Endoscopic Carpal Tunnel Release

The carpal tunnel is composed of two “walls,” the deep wall is the bones of the wrist, and the superficial wall is a thick ligament located just under the skin on the palm side of the wrist. The median nerve and the tendons that flex the fingers to form a fist pass through this tunnel. Endoscopic carpal tunnel release surgery is used to treat carpal tunnel syndrome, which is a pain and weakness in the hand caused by pressure on the median nerve.

What to expect

With the patient under local anesthesia, the surgeon will make one or two small incisions over the palm of the hand. Using an endoscope, or small camera, for guidance, the surgeon will cut the carpal ligament to release pressure on the nerve passing through. Some surgeons will remove tissue surrounding the nerve, especially if the tissue is swollen or irritated.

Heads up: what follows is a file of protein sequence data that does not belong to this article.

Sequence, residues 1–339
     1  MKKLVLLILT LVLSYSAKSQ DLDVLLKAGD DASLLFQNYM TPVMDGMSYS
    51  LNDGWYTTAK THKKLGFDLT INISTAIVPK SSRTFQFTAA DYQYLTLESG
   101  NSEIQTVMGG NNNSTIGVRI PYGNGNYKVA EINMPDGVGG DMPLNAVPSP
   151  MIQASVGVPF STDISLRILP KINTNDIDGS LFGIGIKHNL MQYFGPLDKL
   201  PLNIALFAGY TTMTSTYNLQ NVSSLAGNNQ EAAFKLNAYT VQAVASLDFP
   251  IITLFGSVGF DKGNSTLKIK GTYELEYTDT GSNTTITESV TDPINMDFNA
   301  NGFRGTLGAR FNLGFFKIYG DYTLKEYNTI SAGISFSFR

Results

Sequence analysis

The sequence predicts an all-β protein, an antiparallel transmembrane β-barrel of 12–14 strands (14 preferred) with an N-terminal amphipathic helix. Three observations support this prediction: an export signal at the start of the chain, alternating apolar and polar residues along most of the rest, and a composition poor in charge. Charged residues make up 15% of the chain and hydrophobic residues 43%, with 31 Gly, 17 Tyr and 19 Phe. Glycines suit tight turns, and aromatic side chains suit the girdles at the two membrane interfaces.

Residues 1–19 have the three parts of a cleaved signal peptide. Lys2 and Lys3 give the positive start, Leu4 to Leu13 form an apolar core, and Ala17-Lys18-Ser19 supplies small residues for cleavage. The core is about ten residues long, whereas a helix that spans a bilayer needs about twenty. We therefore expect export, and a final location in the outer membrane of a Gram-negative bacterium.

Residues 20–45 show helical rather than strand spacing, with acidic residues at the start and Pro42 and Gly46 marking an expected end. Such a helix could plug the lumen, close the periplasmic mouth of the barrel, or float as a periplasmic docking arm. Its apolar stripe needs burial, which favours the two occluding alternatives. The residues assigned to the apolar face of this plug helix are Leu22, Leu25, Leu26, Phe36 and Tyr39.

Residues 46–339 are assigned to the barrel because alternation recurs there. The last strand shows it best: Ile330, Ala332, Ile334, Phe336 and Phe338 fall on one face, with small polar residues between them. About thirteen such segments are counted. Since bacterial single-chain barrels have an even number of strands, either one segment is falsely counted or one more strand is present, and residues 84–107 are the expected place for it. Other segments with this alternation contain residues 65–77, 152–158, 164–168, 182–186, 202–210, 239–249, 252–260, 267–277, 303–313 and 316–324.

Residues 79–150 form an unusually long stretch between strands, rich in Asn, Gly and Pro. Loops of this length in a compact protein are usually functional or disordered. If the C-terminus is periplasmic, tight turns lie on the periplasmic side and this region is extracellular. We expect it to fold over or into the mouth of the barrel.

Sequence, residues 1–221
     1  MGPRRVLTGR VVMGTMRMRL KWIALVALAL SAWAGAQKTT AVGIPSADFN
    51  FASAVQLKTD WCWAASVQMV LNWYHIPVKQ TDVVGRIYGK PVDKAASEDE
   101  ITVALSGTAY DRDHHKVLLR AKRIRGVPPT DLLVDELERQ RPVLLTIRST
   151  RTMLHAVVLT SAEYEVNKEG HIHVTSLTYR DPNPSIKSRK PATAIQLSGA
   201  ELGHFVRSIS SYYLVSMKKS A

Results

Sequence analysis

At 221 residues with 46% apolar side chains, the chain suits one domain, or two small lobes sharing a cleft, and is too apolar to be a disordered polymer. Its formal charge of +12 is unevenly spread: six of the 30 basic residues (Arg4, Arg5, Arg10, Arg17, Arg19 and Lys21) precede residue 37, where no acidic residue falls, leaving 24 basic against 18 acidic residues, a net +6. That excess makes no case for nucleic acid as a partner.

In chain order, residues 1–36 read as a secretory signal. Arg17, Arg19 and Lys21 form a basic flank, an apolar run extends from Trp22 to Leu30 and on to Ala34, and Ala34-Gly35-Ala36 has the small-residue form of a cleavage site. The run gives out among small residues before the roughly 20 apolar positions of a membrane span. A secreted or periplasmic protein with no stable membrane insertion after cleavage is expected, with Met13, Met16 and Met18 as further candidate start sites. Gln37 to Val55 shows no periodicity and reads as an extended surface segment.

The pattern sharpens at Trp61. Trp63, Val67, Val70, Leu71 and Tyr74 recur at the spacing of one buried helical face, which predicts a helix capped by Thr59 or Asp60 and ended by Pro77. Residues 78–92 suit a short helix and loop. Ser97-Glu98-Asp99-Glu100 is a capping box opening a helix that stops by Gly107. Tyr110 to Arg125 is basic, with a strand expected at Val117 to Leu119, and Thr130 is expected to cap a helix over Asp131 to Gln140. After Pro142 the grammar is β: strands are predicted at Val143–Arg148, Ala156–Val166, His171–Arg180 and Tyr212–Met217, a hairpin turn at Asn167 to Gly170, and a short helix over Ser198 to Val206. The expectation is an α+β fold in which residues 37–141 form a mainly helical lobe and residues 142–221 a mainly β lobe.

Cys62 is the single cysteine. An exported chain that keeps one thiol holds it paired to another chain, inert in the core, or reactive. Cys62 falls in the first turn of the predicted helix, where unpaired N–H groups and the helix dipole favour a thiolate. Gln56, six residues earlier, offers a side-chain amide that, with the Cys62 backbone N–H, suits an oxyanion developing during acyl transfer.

Upon dividing the carpal ligament, the surgeon stitches just the skin together and leaves the loose ends of the carpal ligament separated. The loose ends are left apart to keep pressure off the median nerve. Eventually, the gap between the two ends of the ligament fills in with scar tissue. Some surgeons will reattach the carpal ligament after lengthening it. After the 30 to 40 minute surgery, the patient’s wrist may be in a splint or heavy bandage for about a week.

How to prepare

Patients will be expected to not eat and limit drink to clear liquids for at least six hours before the procedure. Pre-procedure use of medication should be discussed with your primary care physician prior to your scheduled procedure date.